Friday, 19 October 2012

Howards End ~ E. M. Forster




Having read four Forster novels in four years, I don't need anyone to tell me that he is one of the most prolific of the Georgian writers. My favourite however will always be A Room with a View for its beautiful portrayal of Florence and for the innocent Lucy. Like fellow-writer Virginia Woolf, Forster's style is impressionistic, and it renders every sentence in the book an unparalleled beauty.

In Howards End two worlds are in continual opposition. The Schlegels are reminiscent of the Bloomsbury group in their advocation of culture. Tibby intends to live off his inheritance and not work at all. The Wilcoxes, on the other hand, derive their income from colonial plantations. Their "colonial spirit" (the youngest Wilcox, Paul, is sent to Africa) is a sharp contrast to the sensitive, intelligent, "continental" spirit of the Schlegels. The Wilcoxes motor all around the country (with an elan, which one might compare with the French poet who thought an automobile was like a growling monster exhausting fumes), constantly changing houses -- Howards End, Ducie Street, Oniton, Wickham Place, and the new house planned in Sussex. This rootlessness of the Wilcoxes is reflected in the Schlegels too, however. At the turn of the century, London to Margaret is "a foretaste of this nomadic civilisation which is altering human nature so profoundly, and throws upon personal relations a stress greater than they have ever born before."

For Margaret, the aim of life is to "only connect", not to contrast the outer and inner life, the seen and the unseen, but to reconcile them. However, she gradually realises that the outer life of the Wilcoxes is so expansive and powerful, that it cannot exist peacefully beside the life of personal relations and emotional truth. Ruth Wilcox had experienced it herself, and in bequeathing Howards End to Margaret she had hoped she would be able to build the bridge between the two selves. The morning after Margaret accepts Henry's offer of marriage, she decides that she might yet be able to "help him to the building of the rainbow bridge that should connect the prose in us with the passion. . . . It did not seem so difficult. She need trouble him with no gift of her own. She would only point out the salvation that was latent in his own soul, and in the soul of every man. Only connect! That was the whole of her sermon. Only connect the prose and the passion and both will be exalted, and human love will be seen at its height. Live in fragments no longer."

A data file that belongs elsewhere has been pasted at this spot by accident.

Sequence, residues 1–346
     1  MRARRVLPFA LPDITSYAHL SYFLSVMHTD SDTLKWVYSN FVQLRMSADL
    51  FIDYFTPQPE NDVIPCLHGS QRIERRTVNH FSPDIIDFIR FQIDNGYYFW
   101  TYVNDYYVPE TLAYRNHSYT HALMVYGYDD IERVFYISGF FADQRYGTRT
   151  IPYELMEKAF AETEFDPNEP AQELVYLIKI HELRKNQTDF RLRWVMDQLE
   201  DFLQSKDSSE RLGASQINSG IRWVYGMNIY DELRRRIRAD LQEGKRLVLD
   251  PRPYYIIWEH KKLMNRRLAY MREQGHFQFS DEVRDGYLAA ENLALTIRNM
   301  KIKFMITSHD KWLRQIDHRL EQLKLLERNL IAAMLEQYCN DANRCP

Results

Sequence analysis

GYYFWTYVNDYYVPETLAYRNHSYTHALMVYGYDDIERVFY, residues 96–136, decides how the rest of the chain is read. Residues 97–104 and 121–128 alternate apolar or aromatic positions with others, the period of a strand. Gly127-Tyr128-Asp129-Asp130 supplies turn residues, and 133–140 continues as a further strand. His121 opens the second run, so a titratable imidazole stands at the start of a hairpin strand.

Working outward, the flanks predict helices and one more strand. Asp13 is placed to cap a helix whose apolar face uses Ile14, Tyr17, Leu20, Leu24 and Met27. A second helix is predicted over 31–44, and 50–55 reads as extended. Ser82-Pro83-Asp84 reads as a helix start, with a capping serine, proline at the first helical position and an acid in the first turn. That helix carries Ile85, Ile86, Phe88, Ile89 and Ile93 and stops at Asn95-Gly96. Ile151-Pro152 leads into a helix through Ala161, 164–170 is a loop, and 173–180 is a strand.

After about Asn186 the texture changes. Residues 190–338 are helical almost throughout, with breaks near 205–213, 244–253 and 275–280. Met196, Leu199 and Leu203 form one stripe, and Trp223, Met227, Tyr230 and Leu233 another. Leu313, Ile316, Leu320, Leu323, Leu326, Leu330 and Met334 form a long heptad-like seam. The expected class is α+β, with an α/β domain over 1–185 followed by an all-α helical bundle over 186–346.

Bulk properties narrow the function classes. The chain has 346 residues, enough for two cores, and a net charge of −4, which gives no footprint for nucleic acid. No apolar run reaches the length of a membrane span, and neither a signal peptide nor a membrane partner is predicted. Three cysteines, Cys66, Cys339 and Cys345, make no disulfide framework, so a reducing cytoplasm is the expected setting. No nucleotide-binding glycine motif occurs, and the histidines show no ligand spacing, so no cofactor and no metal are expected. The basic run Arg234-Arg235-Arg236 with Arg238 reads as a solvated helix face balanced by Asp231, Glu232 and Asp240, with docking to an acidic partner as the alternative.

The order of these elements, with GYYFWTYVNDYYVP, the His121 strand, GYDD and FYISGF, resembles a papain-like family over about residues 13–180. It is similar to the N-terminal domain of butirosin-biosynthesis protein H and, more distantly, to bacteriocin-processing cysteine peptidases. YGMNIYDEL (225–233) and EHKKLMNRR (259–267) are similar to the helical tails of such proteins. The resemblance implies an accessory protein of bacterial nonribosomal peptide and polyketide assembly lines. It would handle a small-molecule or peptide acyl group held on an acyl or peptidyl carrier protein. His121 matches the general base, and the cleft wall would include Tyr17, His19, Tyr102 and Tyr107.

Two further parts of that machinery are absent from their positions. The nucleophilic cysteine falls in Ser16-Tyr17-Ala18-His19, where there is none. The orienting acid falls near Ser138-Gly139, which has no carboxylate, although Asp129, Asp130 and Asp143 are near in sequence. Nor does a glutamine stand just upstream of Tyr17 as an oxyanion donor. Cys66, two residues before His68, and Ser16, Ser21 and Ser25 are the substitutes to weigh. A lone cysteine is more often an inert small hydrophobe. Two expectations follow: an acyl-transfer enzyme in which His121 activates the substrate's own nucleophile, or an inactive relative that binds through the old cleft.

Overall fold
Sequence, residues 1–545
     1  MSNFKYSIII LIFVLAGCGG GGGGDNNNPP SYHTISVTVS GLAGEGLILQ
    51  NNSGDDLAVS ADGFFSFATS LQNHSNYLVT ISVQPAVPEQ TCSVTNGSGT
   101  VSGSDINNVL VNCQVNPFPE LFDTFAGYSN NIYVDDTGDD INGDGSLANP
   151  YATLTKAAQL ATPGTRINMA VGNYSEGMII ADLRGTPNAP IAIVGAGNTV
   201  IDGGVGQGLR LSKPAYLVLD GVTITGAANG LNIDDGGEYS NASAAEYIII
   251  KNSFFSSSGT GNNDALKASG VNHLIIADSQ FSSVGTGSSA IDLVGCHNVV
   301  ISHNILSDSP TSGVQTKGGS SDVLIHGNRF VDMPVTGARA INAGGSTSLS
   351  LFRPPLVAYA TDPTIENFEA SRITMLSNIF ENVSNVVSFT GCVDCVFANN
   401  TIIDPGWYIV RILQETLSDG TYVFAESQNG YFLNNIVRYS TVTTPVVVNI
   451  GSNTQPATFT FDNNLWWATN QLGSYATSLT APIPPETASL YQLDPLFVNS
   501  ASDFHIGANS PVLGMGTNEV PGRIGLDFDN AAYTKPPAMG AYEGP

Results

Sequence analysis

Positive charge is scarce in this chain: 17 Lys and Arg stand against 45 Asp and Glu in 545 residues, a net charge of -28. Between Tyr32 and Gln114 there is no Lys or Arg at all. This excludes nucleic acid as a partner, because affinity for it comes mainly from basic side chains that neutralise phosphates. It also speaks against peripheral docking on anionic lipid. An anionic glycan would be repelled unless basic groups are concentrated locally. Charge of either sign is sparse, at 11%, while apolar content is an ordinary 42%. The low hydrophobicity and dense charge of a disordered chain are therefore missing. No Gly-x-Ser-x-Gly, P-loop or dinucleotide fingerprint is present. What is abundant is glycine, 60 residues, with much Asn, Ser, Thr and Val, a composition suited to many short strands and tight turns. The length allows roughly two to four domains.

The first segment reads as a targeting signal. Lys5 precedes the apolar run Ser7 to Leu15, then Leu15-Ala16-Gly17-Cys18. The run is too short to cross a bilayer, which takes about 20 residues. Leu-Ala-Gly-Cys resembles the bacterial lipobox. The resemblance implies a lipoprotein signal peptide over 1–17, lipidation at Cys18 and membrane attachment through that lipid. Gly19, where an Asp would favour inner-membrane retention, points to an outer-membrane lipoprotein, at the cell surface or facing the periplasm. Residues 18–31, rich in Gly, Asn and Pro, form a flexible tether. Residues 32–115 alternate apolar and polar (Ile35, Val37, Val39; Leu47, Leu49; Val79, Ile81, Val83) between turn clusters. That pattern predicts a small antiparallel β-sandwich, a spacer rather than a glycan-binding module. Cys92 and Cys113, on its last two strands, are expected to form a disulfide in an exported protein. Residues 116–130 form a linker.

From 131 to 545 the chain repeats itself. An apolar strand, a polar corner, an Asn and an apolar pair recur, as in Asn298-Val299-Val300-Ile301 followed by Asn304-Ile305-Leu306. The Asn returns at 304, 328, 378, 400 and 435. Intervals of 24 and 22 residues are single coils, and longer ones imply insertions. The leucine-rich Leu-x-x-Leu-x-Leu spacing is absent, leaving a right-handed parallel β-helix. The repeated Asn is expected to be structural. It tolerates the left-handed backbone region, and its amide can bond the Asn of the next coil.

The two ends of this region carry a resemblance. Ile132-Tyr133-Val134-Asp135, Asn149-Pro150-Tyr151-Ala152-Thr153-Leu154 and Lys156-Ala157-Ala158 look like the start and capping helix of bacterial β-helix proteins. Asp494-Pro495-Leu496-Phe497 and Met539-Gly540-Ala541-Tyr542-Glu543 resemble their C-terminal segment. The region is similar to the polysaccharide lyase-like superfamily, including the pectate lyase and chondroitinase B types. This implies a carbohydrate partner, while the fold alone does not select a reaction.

Margaret's attempt to make Henry "connect" is systematically carried out when she tries to make him see that his affair with Jackie is exactly the same as Helen's affair with Leonard Bast. For Henry to admit to the similarity in the two incidents and connect, would be to admit his role as the catalyst of harm (in Leonard's professional and personal life) as well as a symbol of alienating forces in the modern world. As Margaret exclaims, "You shall see the connection if it kills you, Henry".

Henry does connect in the end, but only at the expense of breaking himself: with the prospect of Charles's prosecution for killing Leonard. Margaret takes him to Howards End to "recruit", but in his own admission that he's "ended", this reconciliation is quite a failure.

In the end, although the Schelegs have found a home in Howards End, the connection of inner and outer life has not been achieved. For Margaret and Helen, "The inner life had paid." However, Henry's symbolic hay fever that keeps him indoors is testimony to his failure to achieve inner life.

My book was a second hand copy I had bought a few years ago from College Street. It has the wonderful smell of old books and belonged to someone in the seventies. He had made copious notes which I didn't mind. None of them were distracting, and it is quite interesting to see what one's predecessor thinks about a certain part of the book that one found intriguing. After all, I was only trying to connect.

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